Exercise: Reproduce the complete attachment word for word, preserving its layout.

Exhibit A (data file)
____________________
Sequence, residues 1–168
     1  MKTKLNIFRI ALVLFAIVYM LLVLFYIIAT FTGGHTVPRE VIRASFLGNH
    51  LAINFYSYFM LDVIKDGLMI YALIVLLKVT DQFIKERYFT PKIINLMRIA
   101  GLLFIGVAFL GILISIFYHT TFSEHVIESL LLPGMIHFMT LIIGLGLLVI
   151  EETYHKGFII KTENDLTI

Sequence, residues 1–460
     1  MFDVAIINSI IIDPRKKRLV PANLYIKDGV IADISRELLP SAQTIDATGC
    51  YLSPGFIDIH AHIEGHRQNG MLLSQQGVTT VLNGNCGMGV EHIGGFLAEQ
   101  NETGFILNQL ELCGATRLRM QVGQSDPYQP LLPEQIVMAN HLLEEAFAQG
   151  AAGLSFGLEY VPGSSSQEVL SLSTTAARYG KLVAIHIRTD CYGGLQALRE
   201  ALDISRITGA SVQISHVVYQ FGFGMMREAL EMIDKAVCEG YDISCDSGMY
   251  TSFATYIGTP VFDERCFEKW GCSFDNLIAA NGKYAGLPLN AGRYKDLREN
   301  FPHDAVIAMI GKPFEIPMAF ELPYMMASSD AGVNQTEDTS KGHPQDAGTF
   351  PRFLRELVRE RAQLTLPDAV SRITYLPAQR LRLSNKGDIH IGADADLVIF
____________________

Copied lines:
Sequence, residues 1–168
     1  MKTKLNIFRI ALVLFAIVYM LLVLFYIIAT FTGGHTVPRE VIRASFLGNH
    51  LAINFYSYFM LDVIKDGLMI YALIVLLKVT DQFIKERYFT PKIINLMRIA
   101  GLLFIGVAFL GILISIFYHT TFSEHVIESL LLPGMIHFMT LIIGLGLLVI
   151  EETYHKGFII KTENDLTI

Sequence, residues 1–460
     1  MFDVAIINSI IIDPRKKRLV PANLYIKDGV IADISRELLP SAQTIDATGC
    51  YLSPGFIDIH AHIEGHRQNG MLLSQQGVTT VLNGNCGMGV EHIGGFLAEQ
   101  NETGFILNQL ELCGATRLRM QVGQSDPYQP LLPEQIVMAN HLLEEAFAQG
   151  AAGLSFGLEY VPGSSSQEVL SLSTTAARYG KLVAIHIRTD CYGGLQALRE
   201  ALDISRITGA SVQISHVVYQ FGFGMMREAL EMIDKAVCEG YDISCDSGMY
   251  TSFATYIGTP VFDERCFEKW GCSFDNLIAA NGKYAGLPLN AGRYKDLREN
   301  FPHDAVIAMI GKPFEIPMAF ELPYMMASSD AGVNQTEDTS KGHPQDAGTF
   351  PRFLRELVRE RAQLTLPDAV SRITYLPAQR LRLSNKGDIH IGADADLVIF